And unto every good work reprobate: or “unaccustomed”, unused to them, as the Arabic version renders it; or rather “without judgment”, and understanding, concerning them; there was no good in them, nor was it in them to do good; to do good they had no knowledge, nor any inclination; they were unfit for it, and had not a capacity to perform it; they were not good themselves, and therefore could not do good; the tree must first be made good, ere its fruit will be good; they were without Christ, and without his Spirit, and grace, without which no man can do anything that is spiritually good; they had no true faith, and therefore what they did was sinful; they had neither right principles, from which, nor right ends to which they acted, and therefore were not qualified for the performance of good works; which require that men should be good men, created in Christ Jesus, be believers in him, and have principles of truth and love, and views to the glory of God.

One might also read the chapter on this subject in the Westminster Confession.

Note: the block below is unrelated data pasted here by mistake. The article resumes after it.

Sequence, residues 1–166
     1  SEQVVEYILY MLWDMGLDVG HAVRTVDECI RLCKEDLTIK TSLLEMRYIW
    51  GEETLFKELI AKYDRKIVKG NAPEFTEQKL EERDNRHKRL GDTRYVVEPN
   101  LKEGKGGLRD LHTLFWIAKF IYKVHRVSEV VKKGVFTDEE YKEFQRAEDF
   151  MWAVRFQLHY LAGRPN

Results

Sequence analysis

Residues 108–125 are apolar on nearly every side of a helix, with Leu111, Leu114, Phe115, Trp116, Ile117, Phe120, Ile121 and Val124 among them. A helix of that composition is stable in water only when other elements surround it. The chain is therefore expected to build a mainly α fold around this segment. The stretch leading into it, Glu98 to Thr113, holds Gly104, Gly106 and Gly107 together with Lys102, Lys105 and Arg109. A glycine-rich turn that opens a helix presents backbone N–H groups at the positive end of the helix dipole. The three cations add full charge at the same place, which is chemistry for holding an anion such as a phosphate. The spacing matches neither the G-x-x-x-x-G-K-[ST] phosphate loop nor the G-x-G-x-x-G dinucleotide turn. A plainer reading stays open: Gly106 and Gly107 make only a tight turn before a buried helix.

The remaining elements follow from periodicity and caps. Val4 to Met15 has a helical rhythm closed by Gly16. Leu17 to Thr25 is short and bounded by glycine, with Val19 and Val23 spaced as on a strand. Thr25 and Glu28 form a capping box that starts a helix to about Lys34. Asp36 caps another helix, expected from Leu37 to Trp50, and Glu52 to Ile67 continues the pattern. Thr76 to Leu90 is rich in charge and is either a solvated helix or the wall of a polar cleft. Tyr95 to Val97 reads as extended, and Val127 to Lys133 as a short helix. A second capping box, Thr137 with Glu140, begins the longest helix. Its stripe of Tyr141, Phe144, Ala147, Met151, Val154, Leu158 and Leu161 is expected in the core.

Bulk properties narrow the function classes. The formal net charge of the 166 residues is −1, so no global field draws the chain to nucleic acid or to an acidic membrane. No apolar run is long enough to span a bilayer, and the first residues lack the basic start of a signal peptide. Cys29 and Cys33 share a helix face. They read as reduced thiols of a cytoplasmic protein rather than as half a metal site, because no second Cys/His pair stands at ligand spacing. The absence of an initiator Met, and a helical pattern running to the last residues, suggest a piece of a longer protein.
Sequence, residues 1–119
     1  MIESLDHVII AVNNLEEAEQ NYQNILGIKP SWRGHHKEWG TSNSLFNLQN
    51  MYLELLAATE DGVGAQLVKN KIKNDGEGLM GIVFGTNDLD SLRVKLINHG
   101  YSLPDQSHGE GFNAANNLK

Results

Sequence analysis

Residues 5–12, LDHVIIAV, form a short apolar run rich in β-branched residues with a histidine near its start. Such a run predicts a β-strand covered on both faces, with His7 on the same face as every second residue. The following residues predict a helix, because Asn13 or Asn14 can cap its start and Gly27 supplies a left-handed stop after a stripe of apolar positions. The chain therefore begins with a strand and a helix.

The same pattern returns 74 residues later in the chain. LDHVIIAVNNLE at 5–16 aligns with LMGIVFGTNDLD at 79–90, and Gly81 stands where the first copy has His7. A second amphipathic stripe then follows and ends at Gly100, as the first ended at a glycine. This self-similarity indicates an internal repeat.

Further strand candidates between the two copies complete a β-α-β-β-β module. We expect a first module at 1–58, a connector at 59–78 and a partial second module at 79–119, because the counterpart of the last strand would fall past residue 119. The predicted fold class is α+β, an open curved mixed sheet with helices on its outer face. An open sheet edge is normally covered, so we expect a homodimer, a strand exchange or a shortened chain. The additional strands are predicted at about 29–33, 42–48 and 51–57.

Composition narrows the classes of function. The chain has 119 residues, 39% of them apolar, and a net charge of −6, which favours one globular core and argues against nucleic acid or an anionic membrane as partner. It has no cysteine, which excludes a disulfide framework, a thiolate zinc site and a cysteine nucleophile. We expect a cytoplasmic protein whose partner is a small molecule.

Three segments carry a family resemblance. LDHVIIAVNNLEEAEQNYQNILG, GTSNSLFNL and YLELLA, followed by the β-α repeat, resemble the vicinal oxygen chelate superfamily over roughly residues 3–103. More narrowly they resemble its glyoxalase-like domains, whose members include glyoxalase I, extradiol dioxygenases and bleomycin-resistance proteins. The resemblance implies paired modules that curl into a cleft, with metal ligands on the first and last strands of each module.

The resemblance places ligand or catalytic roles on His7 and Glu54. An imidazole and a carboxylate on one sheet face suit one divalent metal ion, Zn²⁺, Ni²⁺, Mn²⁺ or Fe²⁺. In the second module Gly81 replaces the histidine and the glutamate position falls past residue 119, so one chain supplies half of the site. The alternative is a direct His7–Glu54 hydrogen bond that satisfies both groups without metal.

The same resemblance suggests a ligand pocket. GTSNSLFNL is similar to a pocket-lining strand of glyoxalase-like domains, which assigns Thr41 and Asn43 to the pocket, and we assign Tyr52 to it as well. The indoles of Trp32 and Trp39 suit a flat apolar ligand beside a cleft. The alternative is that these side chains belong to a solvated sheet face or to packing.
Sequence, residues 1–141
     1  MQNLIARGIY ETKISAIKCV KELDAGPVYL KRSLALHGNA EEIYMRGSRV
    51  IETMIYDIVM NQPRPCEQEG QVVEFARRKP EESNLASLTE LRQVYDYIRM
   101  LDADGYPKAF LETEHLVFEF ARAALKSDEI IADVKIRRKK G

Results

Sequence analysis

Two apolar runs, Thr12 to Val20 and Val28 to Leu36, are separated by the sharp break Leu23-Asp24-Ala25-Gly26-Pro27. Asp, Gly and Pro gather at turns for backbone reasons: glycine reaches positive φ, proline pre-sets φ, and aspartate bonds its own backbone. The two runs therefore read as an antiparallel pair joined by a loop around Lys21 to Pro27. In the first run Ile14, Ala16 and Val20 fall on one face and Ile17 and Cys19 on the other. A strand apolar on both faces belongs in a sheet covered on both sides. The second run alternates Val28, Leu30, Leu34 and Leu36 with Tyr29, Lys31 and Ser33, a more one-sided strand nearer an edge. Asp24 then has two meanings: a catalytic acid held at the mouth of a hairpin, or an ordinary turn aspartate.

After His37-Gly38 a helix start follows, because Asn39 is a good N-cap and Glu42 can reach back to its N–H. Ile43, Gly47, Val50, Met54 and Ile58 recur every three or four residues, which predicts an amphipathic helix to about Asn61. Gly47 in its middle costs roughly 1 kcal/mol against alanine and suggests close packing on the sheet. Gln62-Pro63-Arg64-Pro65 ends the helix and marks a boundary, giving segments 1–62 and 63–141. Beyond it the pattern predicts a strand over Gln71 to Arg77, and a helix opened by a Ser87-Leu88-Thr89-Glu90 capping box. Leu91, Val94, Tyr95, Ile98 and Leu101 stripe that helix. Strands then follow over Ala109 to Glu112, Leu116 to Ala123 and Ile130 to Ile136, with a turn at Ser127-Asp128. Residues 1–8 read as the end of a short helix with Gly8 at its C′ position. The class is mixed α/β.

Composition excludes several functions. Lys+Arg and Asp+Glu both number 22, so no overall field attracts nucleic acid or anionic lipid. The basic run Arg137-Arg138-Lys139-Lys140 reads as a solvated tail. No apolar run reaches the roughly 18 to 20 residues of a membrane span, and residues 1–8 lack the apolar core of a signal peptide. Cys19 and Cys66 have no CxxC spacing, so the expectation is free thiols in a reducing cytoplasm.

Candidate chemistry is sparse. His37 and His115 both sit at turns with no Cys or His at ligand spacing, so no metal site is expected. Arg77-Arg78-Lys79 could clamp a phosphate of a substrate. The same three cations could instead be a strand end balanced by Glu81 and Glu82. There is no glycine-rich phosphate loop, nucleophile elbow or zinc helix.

CHAPTER 16
Of Good Works

1. Good works are only such as God hath commanded in his holy Word, and not such as, without the warrant thereof, are devised by men, out of blind zeal, or upon any pretense of good intention.

2. These good works, done in obedience to God’s commandments, are the fruits and evidences of a true and lively faith: and by them believers manifest their thankfulness, strengthen their assurance, edify their brethren, adorn the profession of the gospel, stop the mouths of the adversaries, and glorify God, whose workmanship they are, created in Christ Jesus thereunto, that, having their fruit unto holiness, they may have the end, eternal life.